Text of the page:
GRAND RAPIDS, Mich. — On Wednesday, Dec. 16, two teams from Michigan Department of Health and Human Services (MDHHS) and Region 6 Emergency Preparedness partnered with the Grand Rapids Home for Veterans (GRHV) to perform transfusions of the monoclonal antibody Bamlanivimab for veteran residents at the home who met treatment criteria according to the Department of Military & Veterans Affairs.
“More than 20 members met criteria for infusion and consented to treatment. All members returned to the COVID unit after infusion and remain free of any adverse reactions at this time,” said Anne Zerbe, director of the Michigan Veterans Homes. “At this time, this is the second and largest single-day infusion clinic to occur in the state.”
The medication has been granted FDA emergency approval and is given by IV infusion over one hour according to the Department of Military & Veterans Affairs Capt. Andrew Layton, with the recipient being monitored for one hour after infusion. This treatment is approved for infusion in people who are not hospitalized with COVID but present mild to moderate symptoms.
“The outstanding partnership between MDHHS, Spectrum Health, and local EMS providers is another example of our state’s proactive approach to getting the best treatment to our most vulnerable populations, in this case, Michiganders who have already given their utmost to protect us,” said Maj. Gen. Paul Rogers, Adjutant General and Director of Michigan’s Department of Military and Veterans Affairs. “I am excited to see the availability of the antibody Bamlanivimab at the Grand Rapids Home for Veterans; this is another important tool that allows us to go on the offensive against COVID-19.”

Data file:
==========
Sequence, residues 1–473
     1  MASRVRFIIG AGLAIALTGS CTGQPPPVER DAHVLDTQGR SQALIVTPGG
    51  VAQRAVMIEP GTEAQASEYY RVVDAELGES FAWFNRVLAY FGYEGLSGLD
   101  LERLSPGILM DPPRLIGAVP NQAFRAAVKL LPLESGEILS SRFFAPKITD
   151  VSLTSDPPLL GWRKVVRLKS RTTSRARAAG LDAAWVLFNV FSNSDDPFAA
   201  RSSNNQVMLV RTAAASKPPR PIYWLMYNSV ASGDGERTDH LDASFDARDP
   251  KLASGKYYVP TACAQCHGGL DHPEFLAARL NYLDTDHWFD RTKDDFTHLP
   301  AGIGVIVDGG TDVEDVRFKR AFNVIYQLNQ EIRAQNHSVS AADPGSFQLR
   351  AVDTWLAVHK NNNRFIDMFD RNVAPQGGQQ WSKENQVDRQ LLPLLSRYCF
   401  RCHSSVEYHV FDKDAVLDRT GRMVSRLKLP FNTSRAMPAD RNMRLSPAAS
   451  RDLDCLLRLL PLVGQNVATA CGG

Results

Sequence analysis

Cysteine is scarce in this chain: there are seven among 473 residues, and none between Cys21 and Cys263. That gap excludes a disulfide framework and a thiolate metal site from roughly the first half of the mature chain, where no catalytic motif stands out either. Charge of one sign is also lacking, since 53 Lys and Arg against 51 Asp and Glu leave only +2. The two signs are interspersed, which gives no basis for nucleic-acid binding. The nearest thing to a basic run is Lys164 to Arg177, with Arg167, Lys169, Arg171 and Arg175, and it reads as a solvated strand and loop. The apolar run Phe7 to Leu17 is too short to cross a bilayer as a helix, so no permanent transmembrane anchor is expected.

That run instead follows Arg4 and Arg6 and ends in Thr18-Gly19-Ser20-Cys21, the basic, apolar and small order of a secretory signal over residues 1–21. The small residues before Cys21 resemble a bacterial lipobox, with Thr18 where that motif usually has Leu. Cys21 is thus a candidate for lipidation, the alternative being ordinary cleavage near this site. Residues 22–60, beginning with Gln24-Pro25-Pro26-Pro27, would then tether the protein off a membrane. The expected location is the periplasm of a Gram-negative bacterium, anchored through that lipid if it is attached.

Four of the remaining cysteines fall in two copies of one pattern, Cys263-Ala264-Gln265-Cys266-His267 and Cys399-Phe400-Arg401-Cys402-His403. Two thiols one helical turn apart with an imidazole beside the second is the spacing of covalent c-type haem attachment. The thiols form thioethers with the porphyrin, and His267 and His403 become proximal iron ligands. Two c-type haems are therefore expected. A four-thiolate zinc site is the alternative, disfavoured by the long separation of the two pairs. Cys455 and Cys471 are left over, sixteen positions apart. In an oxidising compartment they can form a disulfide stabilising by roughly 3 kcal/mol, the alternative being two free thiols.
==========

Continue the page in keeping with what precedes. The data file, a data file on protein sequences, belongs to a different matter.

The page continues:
The infusion clinic was directed by an emergency room physician who lead the onsite team the Department of Military & Veterans Affairs reports. Local EMS providers supported with the establishment of IV access and nurses from the MDHHS Mobile Crisis Teams monitored the infusions for any adverse reactions. MDDHS Mobile Crisis Teams certified nursing assistants were also onsite to provide assistance with member needs.
“This infusion clinic demonstrates the exciting opportunity that exists when state and local partners to work together to combat COVID-19,” said Dr. Joneigh Khaldun, chief medical executive and chief deputy for health for MDHHS. “I am thrilled this coalition could quickly come together to safely administer this potentially life-saving treatment to Michigan veterans.”